We never label or diagnose or use words like ADHD etc. because we are not medical professionals; instead, we will sensitively discuss the behaviors we are noticing in class.
The most common developmental delays we see are speech, but we sometimes see processing or motor skill delays. The most common disorders we see are sensory processing, but we sometimes see ADHD, Aspergers, or children on the Autism Spectrum.
If you suspect a developmental delay or disorder (or if a parent discusses a concern with you) this is the approach we usually take with parents:
FIRST: TALK TO PRESCHOOL PARENTS
First, teachers should set up a time to speak to parents privately after class to begin dialogue. Say “I’ve noticed (behavior or delay) in class. Have you noticed that at home as well?”
(This breaks the ice in a non- confrontational manner. It allows them to talk and clues you in to how aware they are of their child’s behavior. It also helps you find out if they are open to help or are getting defensive just talking about it.
Remember, parents may be emotional – they might not know there is a concern, or they might have already noticed the behavior and are fearful or concerned about it. Be sensitive, empathetic, and supportive.
SECOND: SHARE MILESTONE CHECKLISTS
Second, you can share the Developmental Milestone checklists (specific to that child’s age) and review any delays you or parent are noticing.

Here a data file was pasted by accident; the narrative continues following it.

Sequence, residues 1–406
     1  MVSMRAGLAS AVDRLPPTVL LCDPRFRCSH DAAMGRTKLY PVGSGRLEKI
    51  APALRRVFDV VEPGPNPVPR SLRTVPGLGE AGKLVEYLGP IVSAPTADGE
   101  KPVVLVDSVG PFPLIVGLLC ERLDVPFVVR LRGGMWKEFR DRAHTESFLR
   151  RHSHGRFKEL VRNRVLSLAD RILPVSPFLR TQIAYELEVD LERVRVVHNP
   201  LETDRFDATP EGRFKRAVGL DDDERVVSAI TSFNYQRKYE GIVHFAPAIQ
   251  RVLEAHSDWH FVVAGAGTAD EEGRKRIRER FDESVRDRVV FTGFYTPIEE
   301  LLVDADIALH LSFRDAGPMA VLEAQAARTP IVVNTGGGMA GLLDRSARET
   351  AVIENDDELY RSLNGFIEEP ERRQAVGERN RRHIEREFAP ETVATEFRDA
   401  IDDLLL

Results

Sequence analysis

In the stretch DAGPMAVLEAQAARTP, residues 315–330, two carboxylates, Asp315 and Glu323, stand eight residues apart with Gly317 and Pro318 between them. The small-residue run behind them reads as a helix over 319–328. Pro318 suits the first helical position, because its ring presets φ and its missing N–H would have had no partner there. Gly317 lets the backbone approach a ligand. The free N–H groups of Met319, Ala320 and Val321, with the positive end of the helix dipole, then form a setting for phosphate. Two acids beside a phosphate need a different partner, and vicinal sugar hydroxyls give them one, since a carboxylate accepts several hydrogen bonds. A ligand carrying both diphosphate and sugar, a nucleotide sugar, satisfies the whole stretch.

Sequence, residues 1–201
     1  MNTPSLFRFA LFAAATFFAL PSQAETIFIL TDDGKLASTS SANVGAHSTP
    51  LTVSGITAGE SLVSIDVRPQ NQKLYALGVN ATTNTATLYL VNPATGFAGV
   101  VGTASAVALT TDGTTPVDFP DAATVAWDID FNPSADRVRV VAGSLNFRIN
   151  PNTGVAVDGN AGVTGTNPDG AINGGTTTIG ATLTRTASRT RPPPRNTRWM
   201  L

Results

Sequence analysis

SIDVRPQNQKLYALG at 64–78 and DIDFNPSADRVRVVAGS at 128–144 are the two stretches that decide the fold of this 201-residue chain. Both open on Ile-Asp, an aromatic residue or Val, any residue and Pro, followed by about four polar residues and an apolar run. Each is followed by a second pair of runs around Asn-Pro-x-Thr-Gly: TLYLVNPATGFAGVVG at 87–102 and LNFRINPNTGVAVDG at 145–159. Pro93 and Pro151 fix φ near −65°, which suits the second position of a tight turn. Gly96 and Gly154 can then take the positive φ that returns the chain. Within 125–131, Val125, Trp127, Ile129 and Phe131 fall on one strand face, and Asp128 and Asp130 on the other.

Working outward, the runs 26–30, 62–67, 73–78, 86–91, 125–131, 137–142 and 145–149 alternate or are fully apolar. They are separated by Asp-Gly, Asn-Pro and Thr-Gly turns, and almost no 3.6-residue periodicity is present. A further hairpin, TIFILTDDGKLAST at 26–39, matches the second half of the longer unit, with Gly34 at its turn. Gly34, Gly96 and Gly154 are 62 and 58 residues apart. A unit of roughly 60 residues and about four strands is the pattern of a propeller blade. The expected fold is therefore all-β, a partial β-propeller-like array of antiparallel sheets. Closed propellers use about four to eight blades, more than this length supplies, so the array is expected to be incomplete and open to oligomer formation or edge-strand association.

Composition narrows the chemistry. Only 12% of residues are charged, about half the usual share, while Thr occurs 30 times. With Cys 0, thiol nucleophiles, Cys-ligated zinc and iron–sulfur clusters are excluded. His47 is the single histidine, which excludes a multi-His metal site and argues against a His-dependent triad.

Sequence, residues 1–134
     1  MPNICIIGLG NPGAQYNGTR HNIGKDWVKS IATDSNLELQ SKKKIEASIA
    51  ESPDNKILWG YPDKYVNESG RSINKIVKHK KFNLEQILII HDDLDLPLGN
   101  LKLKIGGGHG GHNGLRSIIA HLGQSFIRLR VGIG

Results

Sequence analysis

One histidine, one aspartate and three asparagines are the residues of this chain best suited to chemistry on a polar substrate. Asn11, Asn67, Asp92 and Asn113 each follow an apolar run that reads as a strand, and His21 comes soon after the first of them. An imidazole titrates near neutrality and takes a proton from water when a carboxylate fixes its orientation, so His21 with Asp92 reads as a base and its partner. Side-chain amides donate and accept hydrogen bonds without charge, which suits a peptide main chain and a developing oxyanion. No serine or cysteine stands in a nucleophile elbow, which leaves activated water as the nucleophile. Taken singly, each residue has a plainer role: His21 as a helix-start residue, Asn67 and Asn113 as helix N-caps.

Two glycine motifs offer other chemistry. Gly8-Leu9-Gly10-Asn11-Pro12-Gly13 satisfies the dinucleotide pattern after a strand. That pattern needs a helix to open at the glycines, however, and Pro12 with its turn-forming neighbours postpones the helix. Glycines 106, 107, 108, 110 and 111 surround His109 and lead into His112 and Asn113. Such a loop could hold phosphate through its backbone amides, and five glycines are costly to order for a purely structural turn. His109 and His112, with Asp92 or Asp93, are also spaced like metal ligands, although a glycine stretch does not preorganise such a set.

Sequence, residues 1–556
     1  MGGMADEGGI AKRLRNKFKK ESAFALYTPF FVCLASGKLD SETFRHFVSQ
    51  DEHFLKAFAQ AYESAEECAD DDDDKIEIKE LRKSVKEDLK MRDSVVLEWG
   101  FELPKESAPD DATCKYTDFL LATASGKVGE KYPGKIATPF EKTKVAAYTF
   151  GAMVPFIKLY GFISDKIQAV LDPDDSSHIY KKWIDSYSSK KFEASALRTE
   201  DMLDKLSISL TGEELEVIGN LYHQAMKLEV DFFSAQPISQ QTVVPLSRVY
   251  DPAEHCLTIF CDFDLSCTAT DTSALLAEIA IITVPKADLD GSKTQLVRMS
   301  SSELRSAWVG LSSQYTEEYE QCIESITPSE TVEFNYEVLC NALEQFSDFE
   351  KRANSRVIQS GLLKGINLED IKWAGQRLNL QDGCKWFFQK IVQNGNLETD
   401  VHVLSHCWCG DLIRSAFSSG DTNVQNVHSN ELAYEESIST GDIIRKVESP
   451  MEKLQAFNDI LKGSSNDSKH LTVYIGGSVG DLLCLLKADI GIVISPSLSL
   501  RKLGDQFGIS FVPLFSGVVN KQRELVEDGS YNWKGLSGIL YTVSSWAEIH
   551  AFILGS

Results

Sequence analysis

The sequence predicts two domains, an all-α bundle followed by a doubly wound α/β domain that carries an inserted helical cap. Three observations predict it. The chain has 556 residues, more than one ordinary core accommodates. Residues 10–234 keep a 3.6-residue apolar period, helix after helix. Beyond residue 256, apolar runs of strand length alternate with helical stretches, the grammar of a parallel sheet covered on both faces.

Explain that early intervention is the key to helping the behavior before it worsens. By talking to a pediatrician, there will be one of two outcomes, but both will have positive aspects. If concerns are ruled out, parents can rest easy. If there are indeed confirmed concerns, the child can start receiving help and services.
THIRD: PARTNER WITH THE PARENTS
Third, you can continue the dialogue throughout the year as needed, and conference time is another great time to continue talking about it. If the parents are receptive to help, you can offer the following suggestions based on the level of disorder or delay:
- Definitely do (if you see any delay or disorder): Parents should tell concerns to child’s pediatrician
- Maybe do (if delay or behavior is severe): Parents can usually schedule a free developmental screening by calling their local school district. Often, the district holds screenings in Aug./Sep. and Jan./Feb. If a child qualifies (i.e. has significant developmental delays) they can often receive free preschool services through the district as well. If children don’t qualify for speech, the parents can also contact a local speech therapy business for a screening.